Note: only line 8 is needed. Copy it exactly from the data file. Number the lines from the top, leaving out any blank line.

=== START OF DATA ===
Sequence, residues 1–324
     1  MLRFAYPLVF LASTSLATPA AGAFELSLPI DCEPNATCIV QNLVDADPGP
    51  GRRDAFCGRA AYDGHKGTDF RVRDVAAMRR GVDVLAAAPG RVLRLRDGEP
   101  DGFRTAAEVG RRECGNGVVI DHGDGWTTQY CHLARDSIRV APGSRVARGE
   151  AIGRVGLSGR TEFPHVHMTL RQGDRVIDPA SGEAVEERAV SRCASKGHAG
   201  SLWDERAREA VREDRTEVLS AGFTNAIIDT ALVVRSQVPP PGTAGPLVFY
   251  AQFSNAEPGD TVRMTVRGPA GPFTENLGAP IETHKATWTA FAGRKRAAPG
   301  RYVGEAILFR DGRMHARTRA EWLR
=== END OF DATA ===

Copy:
   301  RYVGEAILFR DGRMHARTRA EWLR